Mike DiNovo-US PRESSWIRE - Presswire
In a week where all eyes are on Fitzgerald Toussaint and whatever it is that has caused his production to lag this year, it was inevitable that we would get at least one impressive breakdown. In true Michigan blogosphere fashion, we got two.
Figuring Out Fitz - Tremendous
The biggest issue in the first couple games was the failure by the offensive line to reach the second level. On base blocking plays, they are doubling but no one is releasing. On zone blocking plays they aren’t releasing early and getting bodies on the LBs. This means the LBs are flowing easily. The odd part, especially early, is that the O-line was reaching the second level on many designed Denard runs. To me it didn’t look like anything the play design was preventing the O-line from getting there for Fitz’ runs, so it seems more like a comfort thing with the schemes.
Picture Pages: Toussaint's Sad Day - Mgoblog
A furious Fitz making anti-plays. Late he clearly started pushing; on a couple of plays where it was just like get your five yards dude he started getting all fancy and got as many yards as an 18-year-old in Appalachia wearing a come-hither dress would have. Approximate total blame: 15%. Now: you expect your ballcarriers to make plays. That's been the whole complaint with Smith as a runner—he doesn't get more than you give him much. Fitz didn't get more than Michigan gave him at all in this game.
Michigan OL Taylor Lewan named midseason 1st-team All-American by Phil Steele - Some good news on the offensive line front is that Taylor Lewan came in for some praise from Phil Steele. Although Lewan has struggled with penalties a bit this year, he has continued to provide the kind of solid performance at the LT spot that was expected of him.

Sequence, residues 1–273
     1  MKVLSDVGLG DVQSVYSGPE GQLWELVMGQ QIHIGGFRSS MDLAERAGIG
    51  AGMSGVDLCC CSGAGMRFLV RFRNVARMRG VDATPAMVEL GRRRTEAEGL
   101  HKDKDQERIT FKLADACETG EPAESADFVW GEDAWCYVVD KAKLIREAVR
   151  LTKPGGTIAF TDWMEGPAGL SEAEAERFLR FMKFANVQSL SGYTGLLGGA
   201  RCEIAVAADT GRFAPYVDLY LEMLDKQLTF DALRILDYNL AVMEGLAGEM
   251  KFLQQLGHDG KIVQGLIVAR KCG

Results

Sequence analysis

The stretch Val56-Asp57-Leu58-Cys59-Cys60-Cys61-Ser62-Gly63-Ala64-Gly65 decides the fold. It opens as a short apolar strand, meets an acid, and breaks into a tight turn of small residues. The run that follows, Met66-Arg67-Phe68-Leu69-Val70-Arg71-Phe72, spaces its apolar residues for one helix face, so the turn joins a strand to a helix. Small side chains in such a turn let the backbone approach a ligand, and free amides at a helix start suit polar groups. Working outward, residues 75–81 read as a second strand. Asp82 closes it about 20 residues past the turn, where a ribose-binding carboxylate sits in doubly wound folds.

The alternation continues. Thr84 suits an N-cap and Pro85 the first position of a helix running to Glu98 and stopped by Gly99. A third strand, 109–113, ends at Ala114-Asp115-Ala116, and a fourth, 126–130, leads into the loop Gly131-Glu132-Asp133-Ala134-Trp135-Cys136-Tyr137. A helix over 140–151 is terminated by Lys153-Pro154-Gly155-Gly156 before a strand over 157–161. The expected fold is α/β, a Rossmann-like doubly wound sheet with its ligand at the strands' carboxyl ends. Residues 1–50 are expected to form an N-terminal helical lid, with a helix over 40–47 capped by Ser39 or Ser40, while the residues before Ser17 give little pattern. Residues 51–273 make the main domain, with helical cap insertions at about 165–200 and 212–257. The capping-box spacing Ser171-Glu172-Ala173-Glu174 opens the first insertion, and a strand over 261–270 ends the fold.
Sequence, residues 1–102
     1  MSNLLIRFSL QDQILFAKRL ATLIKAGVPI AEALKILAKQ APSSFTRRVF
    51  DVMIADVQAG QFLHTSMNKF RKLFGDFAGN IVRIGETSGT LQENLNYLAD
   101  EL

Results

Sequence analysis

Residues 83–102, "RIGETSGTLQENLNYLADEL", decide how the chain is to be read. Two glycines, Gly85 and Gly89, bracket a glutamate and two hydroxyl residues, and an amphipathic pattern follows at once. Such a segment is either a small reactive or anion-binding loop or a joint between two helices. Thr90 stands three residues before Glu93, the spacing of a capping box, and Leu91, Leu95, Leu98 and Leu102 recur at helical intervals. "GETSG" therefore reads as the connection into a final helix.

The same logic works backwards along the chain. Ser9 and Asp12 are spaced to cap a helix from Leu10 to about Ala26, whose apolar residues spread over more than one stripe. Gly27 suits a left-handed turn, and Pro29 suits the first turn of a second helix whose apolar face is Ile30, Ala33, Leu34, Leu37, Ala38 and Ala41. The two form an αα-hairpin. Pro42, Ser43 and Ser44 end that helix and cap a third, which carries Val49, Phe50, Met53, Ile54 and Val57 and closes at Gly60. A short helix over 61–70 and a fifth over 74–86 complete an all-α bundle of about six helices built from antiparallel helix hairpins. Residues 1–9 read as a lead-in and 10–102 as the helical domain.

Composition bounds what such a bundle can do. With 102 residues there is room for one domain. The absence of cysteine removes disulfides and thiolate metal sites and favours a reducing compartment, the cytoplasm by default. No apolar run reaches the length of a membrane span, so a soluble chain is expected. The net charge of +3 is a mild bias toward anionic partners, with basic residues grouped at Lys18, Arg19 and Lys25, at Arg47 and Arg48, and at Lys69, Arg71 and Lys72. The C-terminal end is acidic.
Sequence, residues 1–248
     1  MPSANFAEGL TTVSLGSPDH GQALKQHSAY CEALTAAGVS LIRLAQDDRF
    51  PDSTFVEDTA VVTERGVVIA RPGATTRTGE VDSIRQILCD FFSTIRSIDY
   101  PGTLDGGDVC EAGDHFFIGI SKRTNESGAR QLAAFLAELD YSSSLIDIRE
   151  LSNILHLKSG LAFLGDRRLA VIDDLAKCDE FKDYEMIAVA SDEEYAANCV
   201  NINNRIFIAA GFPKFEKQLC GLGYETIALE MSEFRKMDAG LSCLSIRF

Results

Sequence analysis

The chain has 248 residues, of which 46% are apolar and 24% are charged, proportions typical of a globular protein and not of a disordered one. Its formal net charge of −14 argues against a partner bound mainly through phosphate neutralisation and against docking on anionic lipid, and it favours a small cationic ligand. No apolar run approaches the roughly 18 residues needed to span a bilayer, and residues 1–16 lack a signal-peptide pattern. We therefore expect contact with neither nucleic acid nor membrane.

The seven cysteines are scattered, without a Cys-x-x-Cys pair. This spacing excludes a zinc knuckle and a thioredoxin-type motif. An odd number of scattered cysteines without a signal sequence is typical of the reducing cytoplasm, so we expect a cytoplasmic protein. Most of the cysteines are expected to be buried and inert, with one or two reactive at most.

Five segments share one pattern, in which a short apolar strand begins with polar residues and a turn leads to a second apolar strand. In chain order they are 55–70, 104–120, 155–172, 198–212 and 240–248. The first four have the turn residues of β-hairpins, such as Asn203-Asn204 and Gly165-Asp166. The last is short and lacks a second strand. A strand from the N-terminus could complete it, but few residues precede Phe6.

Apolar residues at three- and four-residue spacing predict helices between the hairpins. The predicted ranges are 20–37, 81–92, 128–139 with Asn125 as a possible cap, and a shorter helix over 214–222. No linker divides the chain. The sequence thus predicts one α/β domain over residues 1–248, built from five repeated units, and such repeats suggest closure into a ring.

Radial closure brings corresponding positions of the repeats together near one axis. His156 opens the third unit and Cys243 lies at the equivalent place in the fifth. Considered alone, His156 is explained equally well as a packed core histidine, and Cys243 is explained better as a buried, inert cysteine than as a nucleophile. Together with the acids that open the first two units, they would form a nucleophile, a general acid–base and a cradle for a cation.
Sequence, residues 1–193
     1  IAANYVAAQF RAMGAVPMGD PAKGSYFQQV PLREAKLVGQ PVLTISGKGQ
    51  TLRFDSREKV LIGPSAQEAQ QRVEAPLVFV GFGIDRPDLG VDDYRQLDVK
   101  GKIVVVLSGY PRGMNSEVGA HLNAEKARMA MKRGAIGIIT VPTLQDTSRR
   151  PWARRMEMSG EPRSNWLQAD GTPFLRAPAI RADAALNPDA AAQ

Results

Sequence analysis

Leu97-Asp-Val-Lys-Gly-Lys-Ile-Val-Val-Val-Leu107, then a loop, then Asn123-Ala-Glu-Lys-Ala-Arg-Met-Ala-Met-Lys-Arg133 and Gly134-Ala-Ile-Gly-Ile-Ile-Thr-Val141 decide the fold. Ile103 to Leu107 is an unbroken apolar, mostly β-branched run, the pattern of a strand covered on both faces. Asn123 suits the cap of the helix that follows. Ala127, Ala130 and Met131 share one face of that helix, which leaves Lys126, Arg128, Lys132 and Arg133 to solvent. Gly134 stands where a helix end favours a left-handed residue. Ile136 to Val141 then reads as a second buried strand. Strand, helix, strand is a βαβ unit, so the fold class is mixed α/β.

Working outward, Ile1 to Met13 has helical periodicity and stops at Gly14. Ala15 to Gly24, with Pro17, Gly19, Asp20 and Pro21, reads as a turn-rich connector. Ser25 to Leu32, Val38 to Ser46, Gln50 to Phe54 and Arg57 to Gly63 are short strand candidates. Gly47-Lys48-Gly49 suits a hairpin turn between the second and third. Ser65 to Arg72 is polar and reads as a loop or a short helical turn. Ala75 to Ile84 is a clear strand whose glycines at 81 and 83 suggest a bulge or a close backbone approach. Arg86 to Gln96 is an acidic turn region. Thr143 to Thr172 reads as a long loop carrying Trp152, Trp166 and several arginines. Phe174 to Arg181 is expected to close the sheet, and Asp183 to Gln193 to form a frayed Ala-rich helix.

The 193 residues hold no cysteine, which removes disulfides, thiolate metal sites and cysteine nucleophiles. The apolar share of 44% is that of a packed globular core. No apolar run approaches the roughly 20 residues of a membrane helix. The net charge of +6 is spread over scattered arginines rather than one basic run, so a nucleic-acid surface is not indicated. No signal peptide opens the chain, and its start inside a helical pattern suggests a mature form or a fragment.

Defensive end coaching points - Chris at BWS looks at defensive end alignment and batted passes.
In both instances, the defensive end that drops off into coverage is lined up at least a full yard behind the other offensive linemen. It has happened too frequently for this to be a random occurrence, but it seems like an obvious tell for opposing QBs/perceptive linemen. It's hard to argue with results, though.
Ask the Beat: How often will John Beilein utilize a two post offense? - Another installment of UMHoops' series asking Michigan beat writers about this year's team.
I still expect Beilein to utilize and hone an effective small ball lineup. For as many negatives as there were about Zack Novak playing the four, there were probably just as many games that Michigan won games for that very reason. This year, Michigan will finally have a chance to go big or small based on the opposition. Michigan should have an adequate option whether needing to overpower a smaller opponent with a double-post lineup or match-up with more of a dynamic combo forward like Deshaun Thomas at the four.
Lionel Messi, Here & Gone - For all the crap I give ESPN, giving Wright Thompson a chance to write something like this is a great decision (also, a no brainer).
Messi said yes. The guard escorted him to a table with Jorge and Leo, who smiled and stood to give his old coach a hug. Messi did not mention the old newspaper quotes. Vecchio kissed his cheek and said how much pride he felt every time he watched a Barcelona game. He thought his former player was happy to see him, but he didn't know for sure. Messi said little. Jorge dominated the table. Vecchio felt the clock ticking as he spoke, surrounded by a jockeying crowd. Little distinguished Messi in Barcelona from Messi in Rosario. He lived in a bubble of fame. It had been this way for years; he'd gone from being alone to always surrounded, which are sort of the same thing. Vecchio asked Jorge if they imagined it would ever get like this. Jorge said no. Vecchio's five minutes ended, and he worked back through the chaos, replaced by another supplicant.